MP misrepresents BMA abortion policy
2 November 2012
The BMA has rounded on misleading comments made by an MP about the association’s stance on abortion counselling.
Doctors leaders have sought to correct the claims made by Mid Bedfordshire Conservative MP Nadine Dorries, who suggested the BMA had called for a consultation on counselling provision for women considering abortions.
Ms Dorries was speaking during a Westminster Hall debate on Wednesday, at which health minister Anna Soubry announced the government would no longer be conducting a consultation on abortion counselling.
BMA medical ethics committee chair Tony Calland has written to Ms Dorries and Ms Soubry to clarify the BMA’s position.
Dr Calland writes: ‘The BMA supports timely and impartial counselling and advice for women requesting abortion, should they wish to receive it.
‘Policy established at this year’s BMA [annual representative meeting] simply reflects the BMA’s long-standing position on this issue.’
Dr Calland points out that the policy agreed at the ARM in June was to support ‘the universal availability of non-directive counselling for women considering abortion’.
The BMA has also made efforts to correct several newspaper articles written following the ARM, suggesting that members wanted counselling to be provided independently of abortion providers.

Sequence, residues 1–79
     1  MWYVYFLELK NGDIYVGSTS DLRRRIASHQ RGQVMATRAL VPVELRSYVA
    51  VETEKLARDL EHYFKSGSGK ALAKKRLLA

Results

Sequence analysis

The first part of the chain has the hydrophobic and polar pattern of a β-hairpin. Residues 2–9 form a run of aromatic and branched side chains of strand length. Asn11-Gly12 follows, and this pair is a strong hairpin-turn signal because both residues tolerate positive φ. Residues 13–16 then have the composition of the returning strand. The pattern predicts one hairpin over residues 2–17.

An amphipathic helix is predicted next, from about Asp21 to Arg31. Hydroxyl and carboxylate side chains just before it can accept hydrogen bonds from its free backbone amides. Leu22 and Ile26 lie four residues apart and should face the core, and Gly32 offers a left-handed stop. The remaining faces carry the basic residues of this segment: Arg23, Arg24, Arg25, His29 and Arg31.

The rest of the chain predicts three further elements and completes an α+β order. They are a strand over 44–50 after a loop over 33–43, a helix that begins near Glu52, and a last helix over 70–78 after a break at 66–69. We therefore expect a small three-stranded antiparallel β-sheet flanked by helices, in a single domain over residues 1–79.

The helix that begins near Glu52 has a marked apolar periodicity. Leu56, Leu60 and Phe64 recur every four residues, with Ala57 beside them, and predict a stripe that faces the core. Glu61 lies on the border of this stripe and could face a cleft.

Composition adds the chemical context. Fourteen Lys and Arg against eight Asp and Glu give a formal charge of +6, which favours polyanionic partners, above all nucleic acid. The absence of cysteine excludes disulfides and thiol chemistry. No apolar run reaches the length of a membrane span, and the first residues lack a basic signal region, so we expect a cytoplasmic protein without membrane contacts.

Dr Calland says: ‘To clarify the situation, the BMA responded making it clear that the conference did not call for counselling to be separated from abortion providers, and during the debate it was stressed that there was no criticism of existing counselling provision.’
He adds that he is happy to meet the MP and health minister to brief them further on BMA policy.
During the Westminster Hall debate, Ms Dorries called for reform of the Abortion Act 1967, and advocated a reduction in the time limit for abortions.
The BMA believes there is no scientific justification to reduce the limit from 24 to 20 weeks. This policy was cited by a number of MPs during the debate.
Ms Soubry said the government had decided against a consultation on abortion counselling because ‘we do not intend to change either the law or the guidelines’.
She admitted that NHS counselling services were patchy, and said that was not acceptable.